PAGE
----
Apple has always been an expert at establishing who the customer is (a creative person), what they want (empowering tech tools), and what’s standing in their way (unimaginative workplaces filled with corporate drones). You can see this in their original “1984” ad for the Macintosh and recently in the “Mac vs. PC” ads of the 2000s, which literally contrasted protagonist and antagonist.
With the stage set, we now see what happens when things get thrown off balance—when there’s contrast between the world as it is now and what could be ahead.
- This starts with an inciting incident—This is the conflict that changes everything for our protagonist. In The Wizard of Oz this comes in the form of a twister, which picks up Dorothy’s house, drops it in the magical land of Oz—crushing a wicked witch and setting off a series of events including a journey down a yellow brick road.
- This action reaches its peak in the form of a climax—In Back to the Future, Marty makes it back to 1985 after solving a host of problems from the incompressibility of insulated vests to plutonium substitution while being trapped in 1955.
Contrast shows our hero impacted by something and struggling with tension that’s resolved in the climax. We think of “Just Do It” as Nike’s ubiquitous tagline. But it’s really the title of a long-running brand story showing everyday athletes working to achieve and sometimes failing—skateboarders falling mid-jump, a young runner struggling. As everyday athletes in our own right, most of us respond emotionally to this contrast, this tension. And when we do, something magical happens …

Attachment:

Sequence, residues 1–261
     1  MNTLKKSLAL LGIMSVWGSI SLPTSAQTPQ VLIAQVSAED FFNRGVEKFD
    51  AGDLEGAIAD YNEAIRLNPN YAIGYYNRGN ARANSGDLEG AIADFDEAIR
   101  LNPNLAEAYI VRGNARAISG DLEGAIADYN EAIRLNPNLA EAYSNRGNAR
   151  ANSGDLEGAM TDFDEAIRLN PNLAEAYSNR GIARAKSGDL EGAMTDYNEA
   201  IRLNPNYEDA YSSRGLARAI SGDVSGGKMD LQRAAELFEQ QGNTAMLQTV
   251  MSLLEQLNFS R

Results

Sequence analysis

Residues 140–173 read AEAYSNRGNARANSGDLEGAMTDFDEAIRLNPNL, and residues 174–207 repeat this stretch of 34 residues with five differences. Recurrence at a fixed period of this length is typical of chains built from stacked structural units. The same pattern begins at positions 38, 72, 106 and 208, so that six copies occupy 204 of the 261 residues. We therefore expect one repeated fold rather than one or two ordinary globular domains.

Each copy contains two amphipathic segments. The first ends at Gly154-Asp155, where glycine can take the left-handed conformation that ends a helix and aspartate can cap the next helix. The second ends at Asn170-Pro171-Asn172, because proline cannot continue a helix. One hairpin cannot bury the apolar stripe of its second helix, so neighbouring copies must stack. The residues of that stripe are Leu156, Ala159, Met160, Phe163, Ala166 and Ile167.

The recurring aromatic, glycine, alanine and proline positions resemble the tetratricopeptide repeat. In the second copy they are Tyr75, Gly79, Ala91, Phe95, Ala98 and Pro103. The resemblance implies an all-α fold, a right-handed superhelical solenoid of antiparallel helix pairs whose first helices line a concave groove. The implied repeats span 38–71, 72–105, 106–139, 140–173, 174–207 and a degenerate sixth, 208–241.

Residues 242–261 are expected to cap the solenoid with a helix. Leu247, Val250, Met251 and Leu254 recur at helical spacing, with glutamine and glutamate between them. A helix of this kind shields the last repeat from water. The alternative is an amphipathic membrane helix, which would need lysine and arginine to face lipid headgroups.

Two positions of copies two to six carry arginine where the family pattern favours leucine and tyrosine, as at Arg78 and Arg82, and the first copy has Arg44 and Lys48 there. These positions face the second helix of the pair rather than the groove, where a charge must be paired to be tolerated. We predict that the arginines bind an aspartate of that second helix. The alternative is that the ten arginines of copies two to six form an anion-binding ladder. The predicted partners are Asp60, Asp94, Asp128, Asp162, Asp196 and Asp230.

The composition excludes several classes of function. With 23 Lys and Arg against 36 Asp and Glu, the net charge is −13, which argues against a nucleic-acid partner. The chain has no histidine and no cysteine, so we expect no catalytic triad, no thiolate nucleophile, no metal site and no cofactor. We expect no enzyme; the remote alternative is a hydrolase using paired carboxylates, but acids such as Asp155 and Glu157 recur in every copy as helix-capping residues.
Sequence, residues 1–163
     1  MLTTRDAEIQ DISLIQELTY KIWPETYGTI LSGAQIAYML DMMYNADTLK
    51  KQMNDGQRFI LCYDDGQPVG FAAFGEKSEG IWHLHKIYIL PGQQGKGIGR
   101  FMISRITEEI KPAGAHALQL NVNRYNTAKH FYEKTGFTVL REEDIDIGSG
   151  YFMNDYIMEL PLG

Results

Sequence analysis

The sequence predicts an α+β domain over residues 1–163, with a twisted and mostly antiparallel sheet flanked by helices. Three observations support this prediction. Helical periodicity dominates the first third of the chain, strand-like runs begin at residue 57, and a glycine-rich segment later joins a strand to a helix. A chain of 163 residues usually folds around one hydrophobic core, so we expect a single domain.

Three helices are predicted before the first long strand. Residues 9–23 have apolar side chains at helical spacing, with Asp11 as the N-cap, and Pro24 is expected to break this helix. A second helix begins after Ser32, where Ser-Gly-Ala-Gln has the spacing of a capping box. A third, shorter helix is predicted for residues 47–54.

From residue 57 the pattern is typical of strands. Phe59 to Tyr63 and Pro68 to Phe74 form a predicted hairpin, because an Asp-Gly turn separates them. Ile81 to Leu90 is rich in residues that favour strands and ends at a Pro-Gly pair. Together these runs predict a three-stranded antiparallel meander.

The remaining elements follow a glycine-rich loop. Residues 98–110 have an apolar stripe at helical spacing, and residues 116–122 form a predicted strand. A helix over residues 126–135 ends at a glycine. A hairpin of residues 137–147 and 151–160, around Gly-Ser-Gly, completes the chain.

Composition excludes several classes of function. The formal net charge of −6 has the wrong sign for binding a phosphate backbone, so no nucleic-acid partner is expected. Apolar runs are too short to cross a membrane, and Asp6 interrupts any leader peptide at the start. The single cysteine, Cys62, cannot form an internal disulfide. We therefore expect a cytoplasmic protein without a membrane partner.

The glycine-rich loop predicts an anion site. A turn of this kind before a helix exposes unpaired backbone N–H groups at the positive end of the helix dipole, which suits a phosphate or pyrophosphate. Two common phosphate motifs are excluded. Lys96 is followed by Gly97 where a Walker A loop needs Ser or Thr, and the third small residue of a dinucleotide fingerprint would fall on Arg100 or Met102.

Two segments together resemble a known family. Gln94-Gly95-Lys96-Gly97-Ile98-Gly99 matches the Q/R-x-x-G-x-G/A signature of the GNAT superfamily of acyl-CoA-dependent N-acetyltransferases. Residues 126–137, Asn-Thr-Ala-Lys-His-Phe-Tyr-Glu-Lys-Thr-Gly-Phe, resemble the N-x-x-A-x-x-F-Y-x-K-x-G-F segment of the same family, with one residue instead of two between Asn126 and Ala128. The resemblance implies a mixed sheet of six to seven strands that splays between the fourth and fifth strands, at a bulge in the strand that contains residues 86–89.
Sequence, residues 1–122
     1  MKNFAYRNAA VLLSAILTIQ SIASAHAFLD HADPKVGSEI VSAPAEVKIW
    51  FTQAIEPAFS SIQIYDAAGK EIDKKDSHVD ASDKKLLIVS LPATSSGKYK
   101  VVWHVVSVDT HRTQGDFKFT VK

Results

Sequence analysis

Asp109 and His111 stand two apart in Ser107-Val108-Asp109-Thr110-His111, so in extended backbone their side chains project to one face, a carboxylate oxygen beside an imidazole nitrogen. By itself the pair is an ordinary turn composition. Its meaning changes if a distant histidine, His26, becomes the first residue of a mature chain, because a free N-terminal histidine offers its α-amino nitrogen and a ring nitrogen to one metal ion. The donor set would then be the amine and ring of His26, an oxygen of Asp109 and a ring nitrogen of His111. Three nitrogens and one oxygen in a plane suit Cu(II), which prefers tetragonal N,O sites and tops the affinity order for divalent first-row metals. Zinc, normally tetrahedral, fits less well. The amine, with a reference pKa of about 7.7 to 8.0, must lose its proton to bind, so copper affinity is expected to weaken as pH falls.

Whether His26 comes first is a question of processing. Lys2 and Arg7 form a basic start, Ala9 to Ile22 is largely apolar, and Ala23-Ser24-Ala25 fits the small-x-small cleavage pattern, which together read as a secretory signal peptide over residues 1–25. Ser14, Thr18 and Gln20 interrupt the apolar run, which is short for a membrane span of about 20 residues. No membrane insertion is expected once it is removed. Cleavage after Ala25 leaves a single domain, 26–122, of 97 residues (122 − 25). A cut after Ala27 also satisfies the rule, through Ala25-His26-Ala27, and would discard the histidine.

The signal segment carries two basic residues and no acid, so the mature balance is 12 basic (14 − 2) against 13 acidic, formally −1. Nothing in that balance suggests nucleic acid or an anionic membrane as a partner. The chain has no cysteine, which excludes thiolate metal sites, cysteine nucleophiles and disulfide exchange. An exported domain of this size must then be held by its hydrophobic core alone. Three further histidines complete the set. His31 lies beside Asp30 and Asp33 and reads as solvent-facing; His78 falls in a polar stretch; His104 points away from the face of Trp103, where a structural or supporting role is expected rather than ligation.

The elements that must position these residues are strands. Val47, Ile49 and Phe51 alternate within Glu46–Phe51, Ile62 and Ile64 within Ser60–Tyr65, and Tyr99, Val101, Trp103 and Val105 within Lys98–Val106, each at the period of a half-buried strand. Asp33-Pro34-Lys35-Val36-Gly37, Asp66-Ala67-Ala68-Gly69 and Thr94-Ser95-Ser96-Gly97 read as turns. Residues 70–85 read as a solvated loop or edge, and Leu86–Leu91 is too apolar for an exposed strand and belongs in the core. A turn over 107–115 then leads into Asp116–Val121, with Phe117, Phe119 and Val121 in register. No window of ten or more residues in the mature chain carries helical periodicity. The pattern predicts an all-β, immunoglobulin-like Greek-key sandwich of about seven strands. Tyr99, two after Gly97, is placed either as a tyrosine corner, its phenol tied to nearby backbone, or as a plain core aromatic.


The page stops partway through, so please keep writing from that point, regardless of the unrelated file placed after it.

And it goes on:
Call to Action
In traditional storytelling, things get wrapped up with a tidy resolution. After the Death Star is blown up, Star Wars has a quick medal ceremony with great fanfare (yet no medal for Chewie!) and—cut to black! End credits. Brand stories are a little bit different. Like most marketing messages, things wrap up with a call to action. Where it gets different is why and how this works.
- Why the call to action works with story—If we’ve cast a protagonist that resembles our target customer, the science of storytelling starts working in our favor. Because audience members mirror the emotional response of the protagonist in a story, we find ourselves wanting the same thing. Remember Nike’s struggling athletes? We can “just do it” too.
- How story impacts the call to action—This is where the arc of an individual story becomes a loop. That’s because we relive these brand stories and the emotional responses they deliver. This leads to greater brand loyalty.
When a listener is inspired after hearing the latest episode of the Salesforce Admins Podcast, they take that inspiration back to their work and their own use of the popular CRM tool, more loyal than ever before. Salesforce is a part of their identity because they see themselves in these stories.
Brand storytelling can take many different forms. From origin stories to 30-second ads to digital content and podcasts. However, these examples all stand out because of the principles of brand storytelling at work—context, contrast, and call to action. Like the great fiction storytellers, the best brand storytellers know how to use these tools to craft captivating stories for their audiences.
As marketers, we have a choice—keep interrupting customers with ads or start telling stories that draw them closer to your campfire? The choice is yours.